Diffusion principles in biological systems

Matter moves by diffusion along energy gradients from areas of high concentration to areas of lower concentration. The rate of diffusion depends on temperature, the size of the particles, and the size of the concentration gradient. In biology, the selectively permeable cell membrane creates two special forms of diffusion, namely, osmosis for the diffusion of water and dialysis for the diffusion of solutes.

Diffusion is one principal method of movement of substances within cells, as well as for essential small molecules to cross the cell membrane. Cell membranes act as barriers to most, but not all, molecules. A cell membrane that could allow some materials to pass while preventing the movement of other molecules is a major step in the development of the cell. The cell membrane functions as a semi-permeable barrier, allowing very few molecules to cross it while holding the majority of chemicals inside the cell. Cell membranes separate the inner cellular environment from the outer cellular (or external) environment. Most of the molecules move from higher to lower concentrations, although there will be some molecules that move from low to high. The overall movement is thus from high to low concentration. If there is no energy input into the system, the molecules reach a state of equilibrium and get uniformly distributed throughout the system.

A cell membrane is composed of phospholipids and proteins. Absorption of drugs across the stomach lining/mucosa and the blood/brain barrier are two representative examples of transport phenomenon. Skin is another great example of a membrane for the entry of drugs. The transport of drug molecules through a non-porous membrane occurs by diffusion. Transport through porous cell membranes occurs by diffusion and convection.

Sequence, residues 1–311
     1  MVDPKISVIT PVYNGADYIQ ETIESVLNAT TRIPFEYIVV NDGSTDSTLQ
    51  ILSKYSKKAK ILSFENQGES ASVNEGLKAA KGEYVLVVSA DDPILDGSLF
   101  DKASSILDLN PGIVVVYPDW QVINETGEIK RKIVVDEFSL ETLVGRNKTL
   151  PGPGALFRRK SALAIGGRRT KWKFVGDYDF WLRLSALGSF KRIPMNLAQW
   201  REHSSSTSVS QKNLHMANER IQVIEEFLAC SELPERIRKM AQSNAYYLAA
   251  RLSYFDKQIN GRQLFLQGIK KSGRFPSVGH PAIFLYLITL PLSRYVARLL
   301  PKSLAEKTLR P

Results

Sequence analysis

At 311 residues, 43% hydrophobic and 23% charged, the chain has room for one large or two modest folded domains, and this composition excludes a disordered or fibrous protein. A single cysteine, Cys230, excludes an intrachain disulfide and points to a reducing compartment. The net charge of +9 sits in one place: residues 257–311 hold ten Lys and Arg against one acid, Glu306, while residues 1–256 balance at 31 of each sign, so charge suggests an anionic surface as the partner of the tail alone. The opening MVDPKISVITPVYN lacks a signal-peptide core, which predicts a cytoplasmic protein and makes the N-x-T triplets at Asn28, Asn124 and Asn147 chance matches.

The rate of diffusion is expressed by the equation dM/dt=DSK(C1 − C2)/h

Where M is the amount of drug dissolved, t is time, D is the diffusion coefficient of the drug, S is the surface area of the membrane, K is the oil/water partition coefficient, h is the thickness of the liquid film, C1 is the concentration of drug at donor side of the membrane, C2 is the concentration of drug at receptor side, and C1-C2 is the concentration gradient. However, C1 and C2 are not measured since these values varies within the membrane.

Typically, the gradient is measured as Cd − Cr, representing the partition at each phase, namely Ko/w = C1/Cd and Ko/w = C2/Cr. The rate of drug transport into a diffusional system is predominantly dependent upon the magnitude of the concentration gradient, considering the other parameters are constant.

Water, carbon dioxide, and oxygen are among the few simple molecules that can cross the cell membrane by diffusion (or a type of diffusion known as osmosis). Gas exchange in the lungs operates through the diffusion process. All cells, because of cellular metabolic processes, produce carbon dioxide. Since the source is inside the cell, the concentration gradient is constantly being replenished/re-elevated; leading to a net flow of CO2 out of the cell. Metabolic processes in animals and plants usually require oxygen, which is in lower concentration inside the cell, and have the net flow of oxygen into the cell through diffusion.

Also read: What is a solubility

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